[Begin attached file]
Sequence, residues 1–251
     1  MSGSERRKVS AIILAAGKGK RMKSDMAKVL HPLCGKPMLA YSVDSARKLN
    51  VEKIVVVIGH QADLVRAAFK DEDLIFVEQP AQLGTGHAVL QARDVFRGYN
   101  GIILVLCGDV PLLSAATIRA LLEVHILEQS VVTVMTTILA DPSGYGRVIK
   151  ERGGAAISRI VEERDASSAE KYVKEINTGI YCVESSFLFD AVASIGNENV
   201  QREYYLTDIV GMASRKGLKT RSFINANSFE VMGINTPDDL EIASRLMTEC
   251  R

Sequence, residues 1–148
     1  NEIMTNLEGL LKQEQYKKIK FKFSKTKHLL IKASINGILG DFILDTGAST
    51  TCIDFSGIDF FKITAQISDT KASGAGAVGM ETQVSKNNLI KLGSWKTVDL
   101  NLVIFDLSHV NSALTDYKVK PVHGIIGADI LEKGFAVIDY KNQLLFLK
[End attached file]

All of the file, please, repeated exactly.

Sequence, residues 1–251
     1  MSGSERRKVS AIILAAGKGK RMKSDMAKVL HPLCGKPMLA YSVDSARKLN
    51  VEKIVVVIGH QADLVRAAFK DEDLIFVEQP AQLGTGHAVL QARDVFRGYN
   101  GIILVLCGDV PLLSAATIRA LLEVHILEQS VVTVMTTILA DPSGYGRVIK
   151  ERGGAAISRI VEERDASSAE KYVKEINTGI YCVESSFLFD AVASIGNENV
   201  QREYYLTDIV GMASRKGLKT RSFINANSFE VMGINTPDDL EIASRLMTEC
   251  R

Sequence, residues 1–148
     1  NEIMTNLEGL LKQEQYKKIK FKFSKTKHLL IKASINGILG DFILDTGAST
    51  TCIDFSGIDF FKITAQISDT KASGAGAVGM ETQVSKNNLI KLGSWKTVDL
   101  NLVIFDLSHV NSALTDYKVK PVHGIIGADI LEKGFAVIDY KNQLLFLK